A closer look: Prostate Cancer in Cats
The prostate is a small gland found near the neck of the urinary bladder, through which the urethra passes on its way to the outside of the body. It makes components of semen and acts to switch urethral function between urination and ejaculation.
Prostate cancer in cats is very rare, and most cats do not show any signs until the tumor has progressed to an advanced stage. Symptoms are similar to those of other, more common prostatic diseases like infection (prostatitis) and benign prostatic hyperplasia, so an accurate diagnosis is crucial. Timely veterinary intervention may help prevent metastasis.
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Prostate cancer can affect both intact and neutered males. Most cases are caught after the cancer has spread to other areas of the body. In more serious cases where the tumor has spread, symptoms like lethargy, loss of appetite, and weight loss may be present.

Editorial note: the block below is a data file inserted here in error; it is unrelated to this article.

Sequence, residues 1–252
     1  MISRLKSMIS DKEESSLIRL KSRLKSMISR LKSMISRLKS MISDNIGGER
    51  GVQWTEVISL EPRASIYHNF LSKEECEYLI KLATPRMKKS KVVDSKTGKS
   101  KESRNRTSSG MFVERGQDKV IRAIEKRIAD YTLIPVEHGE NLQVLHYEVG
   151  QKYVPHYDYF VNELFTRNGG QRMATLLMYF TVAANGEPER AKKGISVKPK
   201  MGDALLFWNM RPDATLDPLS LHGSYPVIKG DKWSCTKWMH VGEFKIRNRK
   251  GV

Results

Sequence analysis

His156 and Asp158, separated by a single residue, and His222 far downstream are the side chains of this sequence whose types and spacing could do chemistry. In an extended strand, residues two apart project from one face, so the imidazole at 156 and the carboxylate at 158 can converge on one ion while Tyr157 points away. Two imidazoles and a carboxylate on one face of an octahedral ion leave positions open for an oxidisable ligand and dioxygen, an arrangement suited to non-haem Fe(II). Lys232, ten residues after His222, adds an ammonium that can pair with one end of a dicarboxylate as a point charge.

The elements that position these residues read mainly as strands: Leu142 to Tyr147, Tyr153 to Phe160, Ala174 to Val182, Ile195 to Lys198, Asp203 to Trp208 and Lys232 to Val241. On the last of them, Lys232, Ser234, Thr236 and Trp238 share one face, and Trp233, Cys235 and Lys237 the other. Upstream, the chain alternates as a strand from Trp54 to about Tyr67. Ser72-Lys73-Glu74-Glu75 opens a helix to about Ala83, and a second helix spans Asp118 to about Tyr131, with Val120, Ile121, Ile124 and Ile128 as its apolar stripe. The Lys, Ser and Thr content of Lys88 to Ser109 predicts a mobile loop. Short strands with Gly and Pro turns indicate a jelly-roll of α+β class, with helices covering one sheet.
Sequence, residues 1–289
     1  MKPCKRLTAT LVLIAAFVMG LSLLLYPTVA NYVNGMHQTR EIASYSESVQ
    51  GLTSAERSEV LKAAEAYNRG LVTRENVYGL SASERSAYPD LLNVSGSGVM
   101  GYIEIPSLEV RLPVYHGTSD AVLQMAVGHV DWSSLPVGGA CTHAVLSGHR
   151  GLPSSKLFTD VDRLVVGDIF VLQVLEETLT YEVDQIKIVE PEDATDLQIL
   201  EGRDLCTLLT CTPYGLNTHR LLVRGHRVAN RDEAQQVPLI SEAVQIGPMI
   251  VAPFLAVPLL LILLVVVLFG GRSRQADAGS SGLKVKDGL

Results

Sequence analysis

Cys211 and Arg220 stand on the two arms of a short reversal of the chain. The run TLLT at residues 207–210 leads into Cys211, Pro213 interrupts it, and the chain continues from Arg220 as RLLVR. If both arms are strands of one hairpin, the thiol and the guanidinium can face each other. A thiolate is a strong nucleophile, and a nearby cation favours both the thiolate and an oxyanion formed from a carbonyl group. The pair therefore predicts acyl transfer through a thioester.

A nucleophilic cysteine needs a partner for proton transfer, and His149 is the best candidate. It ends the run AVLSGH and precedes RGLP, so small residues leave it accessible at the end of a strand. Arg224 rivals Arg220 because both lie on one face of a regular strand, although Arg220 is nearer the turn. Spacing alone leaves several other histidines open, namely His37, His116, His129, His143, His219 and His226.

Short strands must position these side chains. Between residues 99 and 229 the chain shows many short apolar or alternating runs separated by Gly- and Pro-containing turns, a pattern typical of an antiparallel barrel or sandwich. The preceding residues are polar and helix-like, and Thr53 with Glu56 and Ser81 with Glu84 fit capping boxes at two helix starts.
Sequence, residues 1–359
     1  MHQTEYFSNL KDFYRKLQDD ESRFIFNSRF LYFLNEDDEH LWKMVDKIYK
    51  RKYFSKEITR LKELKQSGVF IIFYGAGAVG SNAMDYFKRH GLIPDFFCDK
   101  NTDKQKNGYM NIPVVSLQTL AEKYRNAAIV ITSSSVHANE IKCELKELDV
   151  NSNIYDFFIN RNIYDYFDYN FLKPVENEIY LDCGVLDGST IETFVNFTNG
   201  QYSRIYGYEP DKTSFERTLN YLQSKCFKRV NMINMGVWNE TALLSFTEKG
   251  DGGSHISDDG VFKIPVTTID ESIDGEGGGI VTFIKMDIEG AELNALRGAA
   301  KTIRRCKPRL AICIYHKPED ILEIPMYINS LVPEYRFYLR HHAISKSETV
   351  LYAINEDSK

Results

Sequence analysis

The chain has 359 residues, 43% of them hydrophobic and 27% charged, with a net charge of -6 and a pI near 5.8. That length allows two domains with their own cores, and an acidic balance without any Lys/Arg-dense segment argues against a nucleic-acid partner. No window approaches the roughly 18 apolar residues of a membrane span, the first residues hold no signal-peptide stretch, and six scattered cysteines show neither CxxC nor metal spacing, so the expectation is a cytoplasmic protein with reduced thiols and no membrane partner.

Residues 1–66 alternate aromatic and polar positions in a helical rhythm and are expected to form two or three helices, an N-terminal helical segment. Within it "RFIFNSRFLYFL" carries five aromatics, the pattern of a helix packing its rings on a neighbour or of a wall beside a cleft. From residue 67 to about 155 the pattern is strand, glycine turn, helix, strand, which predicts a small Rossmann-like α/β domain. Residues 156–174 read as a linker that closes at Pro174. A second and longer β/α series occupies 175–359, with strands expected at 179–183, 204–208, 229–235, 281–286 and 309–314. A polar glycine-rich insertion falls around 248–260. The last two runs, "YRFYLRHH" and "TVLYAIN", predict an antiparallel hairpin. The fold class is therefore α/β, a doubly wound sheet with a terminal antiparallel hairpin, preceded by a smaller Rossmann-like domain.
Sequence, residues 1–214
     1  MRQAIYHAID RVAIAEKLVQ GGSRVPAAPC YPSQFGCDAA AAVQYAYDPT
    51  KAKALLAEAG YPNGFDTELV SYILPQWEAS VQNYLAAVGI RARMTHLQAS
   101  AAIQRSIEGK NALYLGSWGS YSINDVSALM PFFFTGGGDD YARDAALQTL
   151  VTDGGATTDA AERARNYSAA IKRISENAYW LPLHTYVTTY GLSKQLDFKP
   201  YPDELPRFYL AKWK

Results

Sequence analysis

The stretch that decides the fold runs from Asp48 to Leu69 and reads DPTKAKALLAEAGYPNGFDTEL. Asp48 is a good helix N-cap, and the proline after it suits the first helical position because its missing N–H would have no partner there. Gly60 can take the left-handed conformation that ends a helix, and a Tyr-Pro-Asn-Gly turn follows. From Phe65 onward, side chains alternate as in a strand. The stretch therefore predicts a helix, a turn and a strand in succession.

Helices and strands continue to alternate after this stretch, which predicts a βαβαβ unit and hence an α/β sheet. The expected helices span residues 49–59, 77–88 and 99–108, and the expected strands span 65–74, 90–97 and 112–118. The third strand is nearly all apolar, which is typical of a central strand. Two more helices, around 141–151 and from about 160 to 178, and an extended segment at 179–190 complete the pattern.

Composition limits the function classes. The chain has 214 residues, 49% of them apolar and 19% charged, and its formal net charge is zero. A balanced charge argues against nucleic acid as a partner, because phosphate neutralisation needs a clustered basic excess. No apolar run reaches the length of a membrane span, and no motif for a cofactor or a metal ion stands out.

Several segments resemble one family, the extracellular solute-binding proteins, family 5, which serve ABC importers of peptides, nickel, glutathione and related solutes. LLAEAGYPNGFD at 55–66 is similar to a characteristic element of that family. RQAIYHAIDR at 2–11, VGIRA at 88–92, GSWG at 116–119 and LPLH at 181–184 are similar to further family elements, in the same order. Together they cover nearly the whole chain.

The causes of prostate cancer are not fully understood. There is a genetic factor in dogs, but no similar pattern has been found in cats.
Testing and diagnosis
Diagnosis of a potential case of prostate cancer begins with a full physical exam. An enlarged or irregular prostate can be felt by rectal palpation, or may be identified by ultrasound. Definitive diagnosis requires biopsy, but there are risks to this procedure, so diagnosis may be presumptive based on clinical signs. Typical steps include blood work, diagnostic imaging, urinalysis, and analysis of cells flushed from the prostate.
Steps to Recovery
Treatment may be surgery, chemotherapy, radiation therapy, or palliative care only (steroids and pain management).
Most prostate cancers are aggressive, and by the time they are found, the cancer has often spread to other parts of the body. Due to its rarity in cats, effective treatment protocols have not been fully developed. Even with treatment, the prognosis is likely poor. Prompt diagnosis may improve the prognosis, or identify the cancer before it spreads.
There is no known prevention for prostate cancer in cats. It is not contagious.
Is Prostate Cancer in Cats common?
Prostate cancer is extremely rare in cats.
- Radiation therapy